The Black Stallion (rewatch)
Posted by martinteller on November 8, 2014
I don’t have a great memory. That’s one of the reasons I keep a movie blog, because I often forget details about a movie, or what I thought of it, or even ever having seen it. One memory that has stuck with me for a long long time, however, is seeing The Black Stallion in the theater with my mom and my sister. One reason is that because of a complicated family situation, I didn’t get to go to the movies a lot with my mom, so it was a special occasion. But another reason is that the movie sticks with you. I’m not sure when the last time I saw it was… has to have been at least 12 years though, since there’s no record of it on my blog. Probably much longer. And yet, there were scenes and lines and images from this film that have lingered with me all these years. Alec (Kelly Reno) and his father (Hoyt Axton) sorting through the night’s poker winnings, and the father telling the story of Alexander the Great and Bucephalus (Alec’s incredulous “smoke coming out of his nose!” line stuck with me too). The bond between boy and horse slowly growing, as they take tentative steps towards each other. The underwater shot of the horse being hoisted onto the rescue boat. And so much more.
Carroll Ballard, who would later direct Fly Away Home, has a natural talent for portraying relationships between children and animals. The horse (played by “Cass Ole”) is a gorgeous creature, but an imposing one. And yet the friendship between small Alec (a marvelous, annoyance-free child performance by Reno) and The Black is deeply touching, developed with care and graceful simplicity. Although the rest of the film is also really good, it’s the lengthy island sequence that serves as the movie’s most impressive and memorable section. With stunning cinematography by Caleb Deschanel and a lovely score by Carmine Coppola (whose father Francis produced the film), it’s almost a disappointment to leave this remote paradise.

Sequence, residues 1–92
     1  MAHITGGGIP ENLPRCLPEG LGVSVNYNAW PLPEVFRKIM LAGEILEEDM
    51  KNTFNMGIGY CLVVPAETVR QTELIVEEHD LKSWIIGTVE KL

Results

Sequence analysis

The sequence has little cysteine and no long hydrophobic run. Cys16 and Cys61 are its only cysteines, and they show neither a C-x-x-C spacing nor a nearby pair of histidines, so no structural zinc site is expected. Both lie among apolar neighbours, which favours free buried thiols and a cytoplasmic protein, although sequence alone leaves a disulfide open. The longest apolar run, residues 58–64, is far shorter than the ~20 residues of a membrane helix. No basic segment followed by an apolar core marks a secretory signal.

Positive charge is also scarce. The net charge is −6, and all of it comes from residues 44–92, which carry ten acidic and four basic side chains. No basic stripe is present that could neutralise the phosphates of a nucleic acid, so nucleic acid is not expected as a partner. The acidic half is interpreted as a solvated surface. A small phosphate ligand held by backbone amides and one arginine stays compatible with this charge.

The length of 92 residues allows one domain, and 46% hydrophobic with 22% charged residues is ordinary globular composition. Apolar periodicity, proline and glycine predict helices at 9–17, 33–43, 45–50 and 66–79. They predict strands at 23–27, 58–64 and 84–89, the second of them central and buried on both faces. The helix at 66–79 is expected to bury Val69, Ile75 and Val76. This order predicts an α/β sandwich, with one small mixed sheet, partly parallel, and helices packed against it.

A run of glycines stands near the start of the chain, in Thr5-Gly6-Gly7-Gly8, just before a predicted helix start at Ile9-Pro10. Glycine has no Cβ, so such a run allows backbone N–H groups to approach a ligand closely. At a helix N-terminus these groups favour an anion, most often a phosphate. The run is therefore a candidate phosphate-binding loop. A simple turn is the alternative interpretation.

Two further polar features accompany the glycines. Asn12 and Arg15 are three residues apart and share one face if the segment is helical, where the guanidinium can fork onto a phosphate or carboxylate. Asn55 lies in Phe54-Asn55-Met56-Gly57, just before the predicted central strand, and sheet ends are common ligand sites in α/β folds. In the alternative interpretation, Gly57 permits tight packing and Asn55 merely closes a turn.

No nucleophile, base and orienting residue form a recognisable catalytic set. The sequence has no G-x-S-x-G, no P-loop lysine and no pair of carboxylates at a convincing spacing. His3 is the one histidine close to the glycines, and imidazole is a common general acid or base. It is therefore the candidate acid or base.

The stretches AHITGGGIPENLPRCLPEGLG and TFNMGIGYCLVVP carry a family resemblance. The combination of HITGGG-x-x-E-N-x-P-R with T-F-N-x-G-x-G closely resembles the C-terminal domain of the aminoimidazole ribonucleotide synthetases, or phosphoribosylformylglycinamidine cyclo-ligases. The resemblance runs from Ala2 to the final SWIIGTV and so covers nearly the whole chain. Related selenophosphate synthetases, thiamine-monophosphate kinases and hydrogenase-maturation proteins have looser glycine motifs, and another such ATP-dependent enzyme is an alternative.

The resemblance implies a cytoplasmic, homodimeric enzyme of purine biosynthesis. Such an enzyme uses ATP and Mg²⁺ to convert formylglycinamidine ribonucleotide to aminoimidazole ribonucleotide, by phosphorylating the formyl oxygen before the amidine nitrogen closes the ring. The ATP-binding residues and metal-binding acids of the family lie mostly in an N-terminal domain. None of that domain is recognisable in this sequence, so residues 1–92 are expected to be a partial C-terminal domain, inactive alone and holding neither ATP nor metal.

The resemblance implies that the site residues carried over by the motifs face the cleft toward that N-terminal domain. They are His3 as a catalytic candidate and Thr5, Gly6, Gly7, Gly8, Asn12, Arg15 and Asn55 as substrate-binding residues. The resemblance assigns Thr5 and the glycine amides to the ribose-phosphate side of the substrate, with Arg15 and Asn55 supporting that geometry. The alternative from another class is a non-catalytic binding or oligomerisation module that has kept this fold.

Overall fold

But then it isn’t, because the story continues to hold the viewer’s interest once back in civilization. Ballard maintains a Malickian sense of gentility and wonder no matter what the setting. Mickey Rooney’s performance is just gruff enough to be endearing without getting cantankerous, and Teri Garr makes a fine impression despite relatively little screen time. If you just look at the barebones structure, the story of the Big Race follows a formulaic path (as a sidenote, it’s interesting to observe some plot parallels between this and Breaking Away from the same year). But it rarely feels like a rote underdog (underhorse?) sports story because always the relationship between boy and horse has the primary focus. Even though it happens at the end, the race isn’t the culmination of the tale, what everything’s been building up to. It’s one more chapter in the tale of this bond. And Ballard wisely — brilliantly — cuts away to those island scenes as the race reaches its climax. A masterful touch.
The one sour note is the way the only “evil” character in the film is an Arab (the role is actually credited simply as “Arab”). It’s bad enough that he’s mean to the horse, does he have to steal a child’s life vest as well? It comes off as uncomfortably xenophobic. But that’s really the only gripe I have. I showed this to my fiancée — who had previously showed me Fly Away Home — and she said we’ll have to show it to our kids one day. I couldn’t agree more. Family films are rarely so beautiful, elegant and moving. Rating: Great (90)